Wednesday, November 2, 2011

THE TREE OF LIFE (Terrence Malick, 2011, USA)

The story of a man who could live 65 lifetimes and feel it could still be better. Patchwork memories that haunt the convolutions of the brain, the soul a ghost lost in the temporal network of neurons and synapses, like a warm breeze trapped in the steel and glass valleys of mid-life. Here, a boy still exists within this schism, struggling between shame and respect, affection and hate, and the fear of discovering that his father is all too human, fragile, imperfect. Now he has become a man who is so like his father that he despises himself, caught in a life of doing instead of being, gaining material success but losing himself in the process.

Terence Malick's spatial odyssey evokes the metaphysical dream worlds of Tarkovsky, the spiritual malaise of Bresson, and even the echo of Lynch’s nightmarish subjective monologue, all the while retaining his own vision through a glass clearly, eschewing linear movement and capturing the etherealness of existence from the Big Bang to Sol’s final whisper. The grandiose cinematography is the story, vignettes refracted through subjective impressions, weaving every grain of sand and fallen leaf into a tapestry of life. People in search of a Prime Mover in a desperate attempt to catalogue their world, to make sense of the nonsensical, renaming fear as faith.

Malick captures lightning in a bottle, the ethereal penumbra of childhood whose shadows lurk in the bright corners of our mind, flash reflections like heat lightening on a summer night. This small Texas town is ubiquitous both in place and time, and the restlessness inherent in our human condition blinds with curiosity, ignorance, and bitter affection. Brad Pitt, Jessica Chastain, Sean Penn, and especially Hunter McCracken breath life into the clay of their characters, transcending the borders of the frame where life isn't confined to a specific aspect ration. Jack becomes an architect, a designer himself, manipulating the world into his vision. As he struggles with understanding this volatile world and coming to grips with his past, he finally sees nature reflected in the steel and glass buildings. With a slight smile of epiphany he realizes that modernity isn't in conflict with nature, it is an elemental ingredient.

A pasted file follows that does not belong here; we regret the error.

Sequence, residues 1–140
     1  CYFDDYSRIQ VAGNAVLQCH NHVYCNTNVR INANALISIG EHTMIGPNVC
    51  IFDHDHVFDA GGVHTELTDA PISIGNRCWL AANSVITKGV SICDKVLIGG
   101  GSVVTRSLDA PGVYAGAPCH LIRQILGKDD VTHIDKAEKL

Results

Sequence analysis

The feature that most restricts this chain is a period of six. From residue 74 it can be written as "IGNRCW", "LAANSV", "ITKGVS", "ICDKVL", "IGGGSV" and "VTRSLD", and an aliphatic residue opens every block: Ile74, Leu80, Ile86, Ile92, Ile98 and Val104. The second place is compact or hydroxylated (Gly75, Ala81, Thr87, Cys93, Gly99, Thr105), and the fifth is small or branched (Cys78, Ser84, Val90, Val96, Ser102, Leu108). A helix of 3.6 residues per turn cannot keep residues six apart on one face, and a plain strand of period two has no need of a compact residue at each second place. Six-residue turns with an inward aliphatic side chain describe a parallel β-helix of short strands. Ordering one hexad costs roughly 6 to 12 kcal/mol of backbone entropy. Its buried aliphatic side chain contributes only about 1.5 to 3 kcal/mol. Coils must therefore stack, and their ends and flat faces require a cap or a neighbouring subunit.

Final Grade: (A+)


Andrew: Encore Entertainment said...

I completely get you on the cinematography is the story, sort of like the medium sort of becomes the message. The film doesn't completely enthrall me because the basic father/son theme doesn't hold as much resonance for me but it works because it's such a personal offering which, at the best of times, augments its worth.

PS. This will sound so ridiculously neurotic, but I had to read the first sentence three times to get the full gravity. I think it would have more effect if the still goes before the feel.

Alex DeLarge said...

Thanks Andrew for the kind words and insight. Yeah, that first sentence is a bit awkward and can be understood in different ways. I considered re-writing it but wanted to keep the exact same language that Malick used in the film (when the father tells the son a story).

It's funny that I wasn't too impressed with the film while I was watching it. I kept thinking of how he masterfully structered THE NEW WORLD, while this meandered through a philosophical wilderness. But it stuck in my mind for days and days (even now weeks later) and it moved me. I saw glimpses of my own childhood, shining light upon the dark waters of Lethe.